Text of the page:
Seems you're missing a link:
Apr 11, 2010 at 5:43 AM
Feb 16, 2010 at 3:42 AM
I'm no native speaker, but Hayden says Hayden Planetarium (www.haydenplanetarium.org), or am I missing the joke?
I'm pretty sure this is an HTC prototype. I kinda recognize the special waaaaaaaay it reacts to some touches.
What's the battery life with the phone being almost constantly online and running a lot of animations and the mandatory GPS?
Does ActiveSync really work this time? Also via WiFi? No more duplicate contacts, appointments or notes?
Does the e-mail client still know IMAP?
Scott, work on your audio please, in particular the varying volume and the noise when you handle the camera.
Great content, though.
From my experience some tips for getting in "touch" with Windows Mobile phones:
1. Try before you buy
You may be surprised how imprecise and sluggish some WM touchscreen devices actually react to your gestures. Try the features you're interested in - web browsing (try flash websites), photo/video, music playback, keyboard writing text messages or using Office Mobile, connecting to WLAN or to Bluetooth devices, and, of course, making and receiving calls. Try locking the phone so it doesn't switch off or otherwise call somebody when it's in your pocket.
Take your time. Watch the battery life during your test.
2. Clarify support for all the the phone's hardware and software.
Most of it should be provided by your phone company, as the device manufacturer will probably not have more support than "hard-reset the thing and try again" and will in general not support another vendors' headsets or bluetooth devices. Many WM devices are being rushed into the market and will need software updates in the near future. No, Windows Update is usually not provided or does not update anything, so you will need a website to find and download updates or new ROMs yourself. The manufacturer usually releases only one or two ROM versions until the next device is going to market, so include non-official sources in your search, e.g. xda-developers.com.
3. Clarify how you can backup and restore the personal data on your device
MyPhone doesn't quite cut it, but it covers the basics: contacts, calendar, messages, personal files, photos. However, sync-ing the phone with a PC (or two) will do the same thing (except for text messages).
What's left is all your customization, e.g. personal information, alarms, ring-tones, system settings (ActiveSync partners, email accounts, WLAN connections, Bluetooth pairings), preferences for the various built-in apps or the apps you installed, the list goes on. Keep in mind that you will need all this stuff after you sent your phone for repair or installed an updated ROM.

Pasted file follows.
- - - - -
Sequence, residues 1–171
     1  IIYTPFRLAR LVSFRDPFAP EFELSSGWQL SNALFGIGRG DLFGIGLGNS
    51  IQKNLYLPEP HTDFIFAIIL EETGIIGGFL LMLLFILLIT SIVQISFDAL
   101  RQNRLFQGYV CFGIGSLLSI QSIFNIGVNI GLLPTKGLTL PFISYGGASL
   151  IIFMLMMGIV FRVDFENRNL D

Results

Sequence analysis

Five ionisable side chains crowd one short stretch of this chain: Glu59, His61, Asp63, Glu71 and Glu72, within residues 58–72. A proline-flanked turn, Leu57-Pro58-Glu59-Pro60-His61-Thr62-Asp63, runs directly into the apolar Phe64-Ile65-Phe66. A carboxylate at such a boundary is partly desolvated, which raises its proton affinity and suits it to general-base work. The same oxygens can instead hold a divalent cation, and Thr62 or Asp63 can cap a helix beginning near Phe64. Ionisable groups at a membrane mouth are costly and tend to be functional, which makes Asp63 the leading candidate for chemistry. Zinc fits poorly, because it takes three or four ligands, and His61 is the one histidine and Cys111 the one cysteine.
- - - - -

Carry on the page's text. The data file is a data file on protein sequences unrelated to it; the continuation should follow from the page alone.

Try to find a backup program that is able to restore reliably on a newer ROM version or a new phone (if the other one is beyond repair).
4. Check the developer tools and the documentation
5. Keep asking for Silverlight for Windows Mobile
I fail to see where XP Mode is more than a _Windows_ Virtual PC duct-taped to the host.
With all this great filtering and shim stuff that comes out in Win7, the integration should have been much, much tighter.
I would have wanted to see something like Windows-on-Windows, where file system and registry (as well as virtually every other filterable device) are shadowed to the guest appropriately.
I can't migrate my old XP machine into a Windows Virtual PC image.
I can't choose whether I would like to install an app into host or guest.
I can't use Windows Update to update the host as well all the registered guests in the same download-install-reboot cycle.
I'm not seeing XP Mode available for context-menu, "Compatibility".
And as a home or small-office user, I can't have MED-V, which looks like it would solve a couple of those problems.
"lunch at the food court" "Note that Chris and I are both remote and live in Oregon"
Then Scott mentions "Washington Square Mall".
With that, and a little help from http://www.shopwashingtonsquare.com/ I'd guess Rainier Roaster.
But that's just a guess.
Great, great topic. "Every manager still writes code" - Be careful what you wish for. But anyway, still better than having no project manager or people manager care about code whatsoever.
Scott, I hope by now that shock and denial are behind you, so please lead us through the next stages, talking to as interesting folks as Chris who are helping you to make it through this. Or, maybe, even some of your reports.
Jun 09, 2009 at 1:14 PM
Do not underestimate Natal. Maybe soon it's kinda like Surface 3D (in fact, even 4D). A revolution. Wave your PC Good Bye and it goes to Sleep. Stuff like Jack Carter's house in Eureka. Possibilities are endless.
One thing, though: No pink on ping. Please.
>what tough questions would you be asking the CEO of Microsoft?
Apart from that question, nice interview.
IMHO, tough questions are:
- How can I make sustainable business on your platform over the next 3 - 5 years?
- What are models for me to collaborate and compete with your 50,000+ workforce?
Maybe in the future, could you post some of those hilarious BillG and SteveB videos they show at the company meetings?